Life of Megan

Wednesday, June 24, 2009

Ten Ingredient Shopping Trip (Vegetarian Version)

Mark Bittman did a segment on the Today show a while ago about making a week's worth of food with only ten ingredients. Today, the NY Times featured an article featuring Mark's 10-ingredient list and recipes for the five meals.

Many of the people who commented on the article thought there should be a vegetarian list, and others felt the menu was too short and/or should use more fruit and grains.

So I thought to myself, "I can do that."

And here I am. I assume you have the following things on hand (pantry/fridge): noodles (udon or linguine would be great, but whatever), rice, dried beans, basic dried spices, oil (sesame oil would be a plus), vinegar, soy sauce, butter, parmesan, peanut butter, honey, sugar, mustard, canned tomatoes. Maybe some of those are pushing it, but I think only beans and canned tomatoes may be rarities.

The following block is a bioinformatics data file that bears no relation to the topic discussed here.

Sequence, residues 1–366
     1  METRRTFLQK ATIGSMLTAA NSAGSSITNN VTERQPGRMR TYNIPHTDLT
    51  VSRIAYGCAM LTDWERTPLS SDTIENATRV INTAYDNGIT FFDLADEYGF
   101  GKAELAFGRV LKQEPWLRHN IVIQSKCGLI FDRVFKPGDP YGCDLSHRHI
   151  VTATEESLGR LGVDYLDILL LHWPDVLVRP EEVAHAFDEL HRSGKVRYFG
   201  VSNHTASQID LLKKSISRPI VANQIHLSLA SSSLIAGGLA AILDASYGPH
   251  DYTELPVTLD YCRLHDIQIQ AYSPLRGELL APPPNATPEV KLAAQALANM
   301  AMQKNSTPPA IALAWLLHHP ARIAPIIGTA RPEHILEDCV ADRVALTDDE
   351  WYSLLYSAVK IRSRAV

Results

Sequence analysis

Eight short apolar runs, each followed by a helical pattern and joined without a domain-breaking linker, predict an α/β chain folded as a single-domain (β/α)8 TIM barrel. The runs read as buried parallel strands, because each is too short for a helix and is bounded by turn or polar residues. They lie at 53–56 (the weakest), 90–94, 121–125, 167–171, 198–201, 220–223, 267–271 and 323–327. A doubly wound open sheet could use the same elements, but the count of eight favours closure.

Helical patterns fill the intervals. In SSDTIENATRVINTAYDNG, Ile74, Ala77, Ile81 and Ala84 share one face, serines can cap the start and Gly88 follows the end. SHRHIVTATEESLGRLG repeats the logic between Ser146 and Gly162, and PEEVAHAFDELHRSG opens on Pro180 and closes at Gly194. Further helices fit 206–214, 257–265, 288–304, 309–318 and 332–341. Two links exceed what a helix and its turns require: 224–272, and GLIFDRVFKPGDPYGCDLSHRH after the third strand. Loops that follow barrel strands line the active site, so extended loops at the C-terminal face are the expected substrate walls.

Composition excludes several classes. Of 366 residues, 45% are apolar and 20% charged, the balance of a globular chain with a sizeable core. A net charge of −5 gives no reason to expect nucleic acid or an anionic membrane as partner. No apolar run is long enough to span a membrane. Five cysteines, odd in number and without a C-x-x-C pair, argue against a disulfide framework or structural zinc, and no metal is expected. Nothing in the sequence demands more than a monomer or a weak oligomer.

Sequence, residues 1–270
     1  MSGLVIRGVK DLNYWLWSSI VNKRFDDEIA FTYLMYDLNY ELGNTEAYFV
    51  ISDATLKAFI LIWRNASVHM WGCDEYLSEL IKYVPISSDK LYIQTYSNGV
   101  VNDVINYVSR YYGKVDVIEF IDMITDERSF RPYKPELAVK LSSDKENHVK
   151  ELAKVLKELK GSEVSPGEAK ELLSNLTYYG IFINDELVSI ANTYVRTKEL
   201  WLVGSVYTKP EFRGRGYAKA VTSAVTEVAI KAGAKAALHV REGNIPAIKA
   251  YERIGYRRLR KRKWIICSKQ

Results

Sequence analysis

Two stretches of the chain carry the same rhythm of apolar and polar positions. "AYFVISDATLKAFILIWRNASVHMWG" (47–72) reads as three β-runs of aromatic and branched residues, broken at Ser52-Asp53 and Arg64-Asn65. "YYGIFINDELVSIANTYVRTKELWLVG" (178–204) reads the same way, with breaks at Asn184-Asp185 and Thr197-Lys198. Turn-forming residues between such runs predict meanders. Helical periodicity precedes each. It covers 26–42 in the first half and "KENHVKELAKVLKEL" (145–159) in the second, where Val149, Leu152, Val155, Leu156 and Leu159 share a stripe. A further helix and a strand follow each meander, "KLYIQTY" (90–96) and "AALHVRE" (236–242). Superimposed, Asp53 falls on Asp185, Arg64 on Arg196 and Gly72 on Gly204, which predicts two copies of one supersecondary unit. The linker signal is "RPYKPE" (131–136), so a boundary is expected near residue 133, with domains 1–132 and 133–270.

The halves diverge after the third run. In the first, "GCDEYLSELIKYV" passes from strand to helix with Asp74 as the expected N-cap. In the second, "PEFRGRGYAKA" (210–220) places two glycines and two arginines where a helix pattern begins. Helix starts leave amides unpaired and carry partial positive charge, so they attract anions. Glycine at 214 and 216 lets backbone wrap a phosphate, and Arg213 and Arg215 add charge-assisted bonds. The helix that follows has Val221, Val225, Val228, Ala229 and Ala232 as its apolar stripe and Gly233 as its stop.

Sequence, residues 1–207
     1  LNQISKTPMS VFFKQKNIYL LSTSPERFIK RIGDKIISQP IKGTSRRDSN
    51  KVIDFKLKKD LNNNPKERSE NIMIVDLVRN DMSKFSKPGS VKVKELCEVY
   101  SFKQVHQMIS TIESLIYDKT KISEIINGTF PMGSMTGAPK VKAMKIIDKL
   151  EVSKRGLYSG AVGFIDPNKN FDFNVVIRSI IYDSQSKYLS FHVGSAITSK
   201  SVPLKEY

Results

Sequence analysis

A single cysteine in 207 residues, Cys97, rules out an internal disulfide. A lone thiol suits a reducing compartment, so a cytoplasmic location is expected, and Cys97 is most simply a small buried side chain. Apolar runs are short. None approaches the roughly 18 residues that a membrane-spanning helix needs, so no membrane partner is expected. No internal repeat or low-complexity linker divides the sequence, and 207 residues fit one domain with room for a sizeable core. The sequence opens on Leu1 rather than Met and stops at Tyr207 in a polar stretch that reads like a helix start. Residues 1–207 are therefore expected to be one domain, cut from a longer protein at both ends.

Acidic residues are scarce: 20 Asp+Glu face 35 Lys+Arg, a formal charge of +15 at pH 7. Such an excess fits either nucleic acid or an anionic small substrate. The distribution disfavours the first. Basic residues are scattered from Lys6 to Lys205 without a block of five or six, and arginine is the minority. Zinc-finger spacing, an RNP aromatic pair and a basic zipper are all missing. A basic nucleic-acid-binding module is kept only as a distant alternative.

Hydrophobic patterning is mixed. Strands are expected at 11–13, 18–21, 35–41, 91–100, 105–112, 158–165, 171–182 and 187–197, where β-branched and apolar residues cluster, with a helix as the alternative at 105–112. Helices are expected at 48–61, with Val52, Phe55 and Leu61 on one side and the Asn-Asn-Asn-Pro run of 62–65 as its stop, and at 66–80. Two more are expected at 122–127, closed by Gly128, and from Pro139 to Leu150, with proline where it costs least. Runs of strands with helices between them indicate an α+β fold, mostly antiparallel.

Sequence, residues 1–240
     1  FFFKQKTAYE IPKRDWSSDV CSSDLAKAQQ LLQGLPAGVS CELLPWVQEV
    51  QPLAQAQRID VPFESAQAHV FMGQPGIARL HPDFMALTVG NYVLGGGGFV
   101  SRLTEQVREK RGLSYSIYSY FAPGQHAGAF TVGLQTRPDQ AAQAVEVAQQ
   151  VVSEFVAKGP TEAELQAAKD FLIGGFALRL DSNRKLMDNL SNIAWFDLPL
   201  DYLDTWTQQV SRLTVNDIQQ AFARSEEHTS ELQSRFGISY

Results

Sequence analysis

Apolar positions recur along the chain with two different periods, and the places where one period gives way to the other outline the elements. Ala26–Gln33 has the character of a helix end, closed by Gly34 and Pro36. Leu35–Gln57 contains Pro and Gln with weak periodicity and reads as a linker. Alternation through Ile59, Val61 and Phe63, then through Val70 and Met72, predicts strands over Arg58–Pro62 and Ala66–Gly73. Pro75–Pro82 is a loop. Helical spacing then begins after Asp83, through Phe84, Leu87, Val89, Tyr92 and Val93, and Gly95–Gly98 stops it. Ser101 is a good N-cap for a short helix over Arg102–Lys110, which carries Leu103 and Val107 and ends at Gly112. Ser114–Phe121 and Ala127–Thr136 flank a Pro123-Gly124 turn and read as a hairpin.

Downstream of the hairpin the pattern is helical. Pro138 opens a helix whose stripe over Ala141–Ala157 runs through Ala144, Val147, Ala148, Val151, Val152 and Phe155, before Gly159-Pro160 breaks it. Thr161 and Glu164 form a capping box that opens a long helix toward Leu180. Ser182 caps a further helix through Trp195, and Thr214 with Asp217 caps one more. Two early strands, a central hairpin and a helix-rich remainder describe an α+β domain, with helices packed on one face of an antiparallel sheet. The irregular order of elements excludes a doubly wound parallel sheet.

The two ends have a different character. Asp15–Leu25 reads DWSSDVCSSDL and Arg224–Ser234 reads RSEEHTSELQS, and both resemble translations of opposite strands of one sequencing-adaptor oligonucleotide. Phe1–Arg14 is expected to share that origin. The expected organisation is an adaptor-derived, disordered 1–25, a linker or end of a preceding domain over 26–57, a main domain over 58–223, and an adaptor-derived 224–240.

The Shopping List
  • Eggs
  • Fruit (your choice; for snacking and dessert)
  • Good bread, French, Italian, or Sourdough
  • Salsa
  • Sharp Cheddar
  • Broccoli
  • Arugula or Spinach
  • Tortillas
  • Limes
  • Cilantro

Breakfast and Lunch
For breakfast, you could eat toast, a peanut butter sandwich, eggs, French toast. For lunch, there's leftovers, plus sandwiches (PB, PB&H, cheese), noodles, etc.

The Dinners

Stir-Fried Eggs and Tomatoes on Rice, Stir-Fried Broccoli
Eggs and Tomatoes sounds kind of strange, but it's a Chinese staple. I just saw a recipe for it at Epicurious's healthy recipe of the day feed. For the broccoli, just blanch it for a couple of minutes in boiling water, then strain. Heat oil in a skillet. Add some garlic and ginger (both chopped), if you happen to have some on hand. Add the broccoli and a pinch of crushed red pepper and stir-fry until broccoli is fork-tender. Add a little soy sauce. If you have any sesame oil, add a tiny bit of that too. Toss and serve.

Mexican Rice and Beans